Just hours before the murder of Labour MP Jo Cox on 16 June, UKIP officially launched its campaign to leave the EU. Its leader, Nigel Farage, unveiled a poster entitled “Breaking Point”, alongside a 2015 image of thousands of refugees being escorted by authorities across the border between Croatia and Slovenia – to be “security checked” upon their arrival.
The fearmongering intent behind the poster was clear from the very start. But Twitter users thought the image was faulty, and soon took to the internet to ‘fix’ it.
Here’s the original image:
Notice that the migrants shown in the image aren’t white European migrants, but darker-skinned refugees fleeing war in the Middle East?
So did others, and the poster was quickly reported to the police, with Unison General Secretary Dave Prentis claiming that:
This is scaremongering in its most extreme and vile form… To pretend that migration to the UK is only about people who are not white is to peddle the racism that has no place in a modern, caring society. That’s why Unison has complained about this blatant attempt to incite racial hatred and breach UK race laws.
There were even claims that the image resembled a Nazi propaganda video:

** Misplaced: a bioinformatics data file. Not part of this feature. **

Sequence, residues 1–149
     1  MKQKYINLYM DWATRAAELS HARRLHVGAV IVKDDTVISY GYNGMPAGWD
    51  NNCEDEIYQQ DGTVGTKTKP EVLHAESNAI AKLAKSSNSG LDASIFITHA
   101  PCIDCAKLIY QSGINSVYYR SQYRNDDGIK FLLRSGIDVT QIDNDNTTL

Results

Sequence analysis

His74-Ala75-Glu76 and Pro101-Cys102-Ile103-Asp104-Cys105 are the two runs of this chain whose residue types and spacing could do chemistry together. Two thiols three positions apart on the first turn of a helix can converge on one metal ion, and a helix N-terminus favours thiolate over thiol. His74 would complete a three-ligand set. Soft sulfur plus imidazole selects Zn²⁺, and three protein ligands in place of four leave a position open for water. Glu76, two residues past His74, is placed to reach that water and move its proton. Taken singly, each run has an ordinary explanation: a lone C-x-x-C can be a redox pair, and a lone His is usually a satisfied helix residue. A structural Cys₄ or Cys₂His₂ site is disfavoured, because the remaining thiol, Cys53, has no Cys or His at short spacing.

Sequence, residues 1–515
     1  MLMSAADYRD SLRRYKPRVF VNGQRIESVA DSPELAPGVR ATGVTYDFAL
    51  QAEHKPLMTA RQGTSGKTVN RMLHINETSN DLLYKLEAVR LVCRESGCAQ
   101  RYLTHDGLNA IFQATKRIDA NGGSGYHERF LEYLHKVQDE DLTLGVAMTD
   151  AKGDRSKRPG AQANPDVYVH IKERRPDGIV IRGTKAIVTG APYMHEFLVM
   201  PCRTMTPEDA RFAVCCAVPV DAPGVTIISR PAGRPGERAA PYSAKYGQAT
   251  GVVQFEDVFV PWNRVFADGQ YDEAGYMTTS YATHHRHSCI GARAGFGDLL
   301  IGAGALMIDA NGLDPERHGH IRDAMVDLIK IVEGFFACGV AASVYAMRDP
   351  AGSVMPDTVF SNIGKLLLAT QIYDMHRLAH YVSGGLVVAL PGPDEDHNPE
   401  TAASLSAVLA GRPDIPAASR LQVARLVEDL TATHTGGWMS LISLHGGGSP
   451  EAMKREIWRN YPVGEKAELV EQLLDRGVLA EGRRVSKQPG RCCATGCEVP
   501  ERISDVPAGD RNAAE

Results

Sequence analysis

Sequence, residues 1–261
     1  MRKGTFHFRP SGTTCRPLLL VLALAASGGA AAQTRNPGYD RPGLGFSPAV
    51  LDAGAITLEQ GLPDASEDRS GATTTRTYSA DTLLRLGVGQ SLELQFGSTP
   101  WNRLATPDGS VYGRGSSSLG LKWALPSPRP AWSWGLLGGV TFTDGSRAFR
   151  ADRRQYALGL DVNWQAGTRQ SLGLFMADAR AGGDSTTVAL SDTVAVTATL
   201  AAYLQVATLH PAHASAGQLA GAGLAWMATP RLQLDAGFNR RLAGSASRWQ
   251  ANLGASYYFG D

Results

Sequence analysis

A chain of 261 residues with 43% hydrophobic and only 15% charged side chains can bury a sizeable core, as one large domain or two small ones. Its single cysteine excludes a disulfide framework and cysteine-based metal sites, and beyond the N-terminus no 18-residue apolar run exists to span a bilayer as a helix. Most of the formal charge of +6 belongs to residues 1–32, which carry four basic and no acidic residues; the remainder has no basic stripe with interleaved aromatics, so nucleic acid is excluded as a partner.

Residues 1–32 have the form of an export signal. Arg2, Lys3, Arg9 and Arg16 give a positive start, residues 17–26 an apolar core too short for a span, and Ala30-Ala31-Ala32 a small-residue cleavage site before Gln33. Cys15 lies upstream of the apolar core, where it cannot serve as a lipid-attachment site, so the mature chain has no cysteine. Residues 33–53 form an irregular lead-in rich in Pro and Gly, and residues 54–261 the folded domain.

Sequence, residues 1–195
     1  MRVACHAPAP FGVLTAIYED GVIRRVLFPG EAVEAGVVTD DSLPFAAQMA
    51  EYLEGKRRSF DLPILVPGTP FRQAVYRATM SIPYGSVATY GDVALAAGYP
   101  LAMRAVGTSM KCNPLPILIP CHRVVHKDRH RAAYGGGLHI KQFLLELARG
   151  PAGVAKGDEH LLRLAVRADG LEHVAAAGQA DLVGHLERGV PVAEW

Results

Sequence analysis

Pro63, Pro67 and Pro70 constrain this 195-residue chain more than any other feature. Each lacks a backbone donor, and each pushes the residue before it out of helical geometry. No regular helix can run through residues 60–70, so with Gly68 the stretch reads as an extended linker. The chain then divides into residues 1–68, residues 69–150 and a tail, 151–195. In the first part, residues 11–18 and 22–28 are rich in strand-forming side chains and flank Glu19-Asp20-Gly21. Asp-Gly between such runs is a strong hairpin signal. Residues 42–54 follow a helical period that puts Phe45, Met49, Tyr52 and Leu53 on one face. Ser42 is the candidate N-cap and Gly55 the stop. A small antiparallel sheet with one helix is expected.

— Connor Beaton (@zcbeaton) June 16, 2016
And UKIP was not going to get away with just a legal complaint and a link to the Nazis.
The Guardian‘s Steve Bell published the following image:
Steve Bell on Nigel Farage's anti-immigration campaign – cartoon pic.twitter.com/VuaN1CBGXE
— The Guardian (@guardian) June 16, 2016
Twitter users, meanwhile, fixed the image themselves:
— TechnicallyRon (@TechnicallyRon) June 16, 2016
BREAKING POINT pic.twitter.com/6aHDSdHdyj
— Primly Stable (@PrimlyStable) June 16, 2016
Here Nigel, I fixed the image for you. pic.twitter.com/bX62x1iABe
— Karl Sharro (@KarlreMarks) June 16, 2016
The murder of Jo Cox
Labour MP Jo Cox – a tireless campaigner for the protection of refugees – was murdered on 16 June in the midst of a referendum-fueled environment of fearmongering and race-baiting – an environment fostered by people like Nigel Farage and his allies in the corporate media.
Britain First sought to distance itself from the murderer’s use of the alleged words ‘Britain first’ during the assault. During the course of Friday, however, his possible long-standing neo-Nazi links started to come to light.
Speaking about Cox’s murder, meanwhile, Prime Minister David Cameron has said:
Where we see hatred, where we find division, where we see intolerance we must drive it out of our politics and out of our public life and out of our communities.
But he himself has attacked Britain’s minority communities on numerous occasions, most recently supporting a highly unpleasant race-baiting campaign during the elections for Mayor of London. He has also failed to launch comprehensive investigations into his own party’s problem with racism. Through these actions (or inaction), he and his colleagues have helped to foster an environment of prejudice and mistrust in British politics.
The Cameron quoted above, however, is right. Hatred, division and intolerance must all be driven out of our society. But the big question is: will all political parties, including the Conservatives, now take concrete steps to do that?
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Featured image via Global Panorama/Flickr